Sep 12, 2018
On today’s episode: modifying crop plants for greater water efficiency; improving the climate resistance of corn and grain sorghum; the latest agricultural news; this week’s “Stop, Look and Listen” from Gus van der Hoeven…
Agriculture Today is a daily program featuring Kansas State University agricultural specialists and other experts examining ag issues facing Kansas and the nation. It is hosted by Eric Atkinson and distributed to radio stations throughout Kansas and as a daily podcast.
NOTE: Two guests from the 2018 Plant Science Symposium hosted by Kansas State University last week, where leading plant scientists from around the nation gathered to discuss the theme, "The 2050 Challenge: The Role of Agriculture in Addressing the Global Needs."
00:01:30 – Modifying Crop Plants for Greater Water Use Efficiency: Crop physiologist Thomas Sinclair of North Carolina State University talks about his efforts to modify crop plants for greater water use efficiency...seeking crop genetics that limit the plant's water transpiration rate.
00:012:59 – Improving Climate Resistance of Corn and Grain Sorghum: Plant geneticist Mitch Tuinstra of Purdue University talks about his work to improve the climate resistance of corn and grain sorghum...attempting to incorporate the favorable grain production traits of corn into grain sorghum, while also trying to instill grain sorghum's heat and drought tolerance traits in corn.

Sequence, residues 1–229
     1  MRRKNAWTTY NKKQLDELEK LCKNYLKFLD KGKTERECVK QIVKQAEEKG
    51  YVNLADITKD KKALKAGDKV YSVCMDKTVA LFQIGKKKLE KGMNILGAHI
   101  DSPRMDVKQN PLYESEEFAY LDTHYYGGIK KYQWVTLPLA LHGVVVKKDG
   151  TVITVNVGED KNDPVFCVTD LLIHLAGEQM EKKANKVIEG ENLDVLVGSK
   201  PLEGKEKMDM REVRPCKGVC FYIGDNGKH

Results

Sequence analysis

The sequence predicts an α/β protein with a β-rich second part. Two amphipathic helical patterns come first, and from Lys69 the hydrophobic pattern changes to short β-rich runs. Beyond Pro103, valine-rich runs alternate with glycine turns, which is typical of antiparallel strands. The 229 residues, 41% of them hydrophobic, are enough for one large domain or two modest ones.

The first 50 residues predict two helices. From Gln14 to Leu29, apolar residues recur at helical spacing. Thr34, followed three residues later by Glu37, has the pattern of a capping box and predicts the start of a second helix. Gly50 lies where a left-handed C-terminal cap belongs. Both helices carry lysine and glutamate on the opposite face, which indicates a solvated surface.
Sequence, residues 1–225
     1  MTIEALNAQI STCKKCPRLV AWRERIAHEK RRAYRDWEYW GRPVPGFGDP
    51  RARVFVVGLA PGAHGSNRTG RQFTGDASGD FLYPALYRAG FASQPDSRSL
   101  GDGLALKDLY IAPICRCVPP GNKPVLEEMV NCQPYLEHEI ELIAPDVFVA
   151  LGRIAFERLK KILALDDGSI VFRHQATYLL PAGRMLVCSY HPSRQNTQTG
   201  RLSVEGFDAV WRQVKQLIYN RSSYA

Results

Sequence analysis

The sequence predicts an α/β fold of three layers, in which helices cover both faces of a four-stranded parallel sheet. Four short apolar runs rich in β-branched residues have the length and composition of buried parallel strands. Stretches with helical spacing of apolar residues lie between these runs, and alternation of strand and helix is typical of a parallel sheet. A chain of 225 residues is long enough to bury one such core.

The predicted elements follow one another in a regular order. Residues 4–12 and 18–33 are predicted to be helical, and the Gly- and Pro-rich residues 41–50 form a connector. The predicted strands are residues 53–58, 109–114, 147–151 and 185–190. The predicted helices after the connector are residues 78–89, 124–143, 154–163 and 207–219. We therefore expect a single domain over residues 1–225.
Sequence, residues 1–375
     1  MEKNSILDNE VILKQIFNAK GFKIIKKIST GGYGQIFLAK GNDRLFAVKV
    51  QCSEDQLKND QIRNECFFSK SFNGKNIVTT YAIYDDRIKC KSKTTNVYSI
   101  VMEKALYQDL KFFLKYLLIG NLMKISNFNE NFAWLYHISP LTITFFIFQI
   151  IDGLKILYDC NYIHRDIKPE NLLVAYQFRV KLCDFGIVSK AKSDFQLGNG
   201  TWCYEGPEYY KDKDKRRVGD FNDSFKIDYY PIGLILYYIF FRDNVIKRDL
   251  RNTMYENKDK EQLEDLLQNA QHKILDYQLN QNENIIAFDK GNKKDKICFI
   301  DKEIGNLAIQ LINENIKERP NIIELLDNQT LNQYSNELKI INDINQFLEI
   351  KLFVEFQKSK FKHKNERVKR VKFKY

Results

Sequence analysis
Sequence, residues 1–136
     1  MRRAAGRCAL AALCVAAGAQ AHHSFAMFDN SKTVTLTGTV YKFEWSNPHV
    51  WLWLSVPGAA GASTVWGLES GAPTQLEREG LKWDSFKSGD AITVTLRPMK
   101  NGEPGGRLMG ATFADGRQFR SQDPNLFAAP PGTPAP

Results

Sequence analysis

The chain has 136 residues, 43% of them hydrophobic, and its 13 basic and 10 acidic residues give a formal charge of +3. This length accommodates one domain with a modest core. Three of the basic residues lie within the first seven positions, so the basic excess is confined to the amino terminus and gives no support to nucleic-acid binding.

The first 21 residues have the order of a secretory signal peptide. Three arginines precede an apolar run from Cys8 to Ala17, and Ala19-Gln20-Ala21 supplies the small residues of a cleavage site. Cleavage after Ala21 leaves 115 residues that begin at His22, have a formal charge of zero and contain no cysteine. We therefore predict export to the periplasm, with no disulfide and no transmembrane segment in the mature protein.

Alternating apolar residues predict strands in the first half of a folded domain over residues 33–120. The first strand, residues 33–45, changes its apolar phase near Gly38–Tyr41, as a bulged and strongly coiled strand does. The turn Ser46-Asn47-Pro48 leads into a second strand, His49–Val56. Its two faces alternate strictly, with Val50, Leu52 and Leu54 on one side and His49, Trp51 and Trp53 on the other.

00:24:30 – Ag News: Eric Atkinson covers the day's agricultural news headlines.
00:33:00 – "Stop, Look and Listen": K-State's Gus van der Hoeven presents "Stop, Look and Listen", his weekly commentary on rural Kansas.
Send comments, questions or requests for copies of past programs to email@example.com.
K‑State Research and Extension is a short name for the Kansas State University Agricultural Experiment Station and Cooperative Extension Service, a program designed to generate and distribute useful knowledge for the well‑being of Kansans. Supported by county, state, federal and private funds, the program has county Extension offices, experiment fields, area Extension offices and regional research centers statewide. Its headquarters is on the K‑State campus in Manhattan.